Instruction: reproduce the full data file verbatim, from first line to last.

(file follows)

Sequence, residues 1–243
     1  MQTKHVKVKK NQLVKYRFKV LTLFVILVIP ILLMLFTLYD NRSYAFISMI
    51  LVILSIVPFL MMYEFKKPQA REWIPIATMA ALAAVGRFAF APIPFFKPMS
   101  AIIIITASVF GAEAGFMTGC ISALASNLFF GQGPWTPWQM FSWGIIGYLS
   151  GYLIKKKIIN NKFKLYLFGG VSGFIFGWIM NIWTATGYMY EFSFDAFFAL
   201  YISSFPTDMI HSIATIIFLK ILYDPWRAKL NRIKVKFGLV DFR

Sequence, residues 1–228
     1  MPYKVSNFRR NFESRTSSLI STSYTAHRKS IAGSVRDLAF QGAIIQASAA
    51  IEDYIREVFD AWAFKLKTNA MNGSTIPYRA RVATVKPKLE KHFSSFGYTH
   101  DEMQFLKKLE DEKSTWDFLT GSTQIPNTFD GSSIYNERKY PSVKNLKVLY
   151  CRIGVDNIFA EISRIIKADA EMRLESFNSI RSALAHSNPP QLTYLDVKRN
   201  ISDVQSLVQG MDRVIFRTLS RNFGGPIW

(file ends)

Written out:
Sequence, residues 1–243
     1  MQTKHVKVKK NQLVKYRFKV LTLFVILVIP ILLMLFTLYD NRSYAFISMI
    51  LVILSIVPFL MMYEFKKPQA REWIPIATMA ALAAVGRFAF APIPFFKPMS
   101  AIIIITASVF GAEAGFMTGC ISALASNLFF GQGPWTPWQM FSWGIIGYLS
   151  GYLIKKKIIN NKFKLYLFGG VSGFIFGWIM NIWTATGYMY EFSFDAFFAL
   201  YISSFPTDMI HSIATIIFLK ILYDPWRAKL NRIKVKFGLV DFR

Sequence, residues 1–228
     1  MPYKVSNFRR NFESRTSSLI STSYTAHRKS IAGSVRDLAF QGAIIQASAA
    51  IEDYIREVFD AWAFKLKTNA MNGSTIPYRA RVATVKPKLE KHFSSFGYTH
   101  DEMQFLKKLE DEKSTWDFLT GSTQIPNTFD GSSIYNERKY PSVKNLKVLY
   151  CRIGVDNIFA EISRIIKADA EMRLESFNSI RSALAHSNPP QLTYLDVKRN
   201  ISDVQSLVQG MDRVIFRTLS RNFGGPIW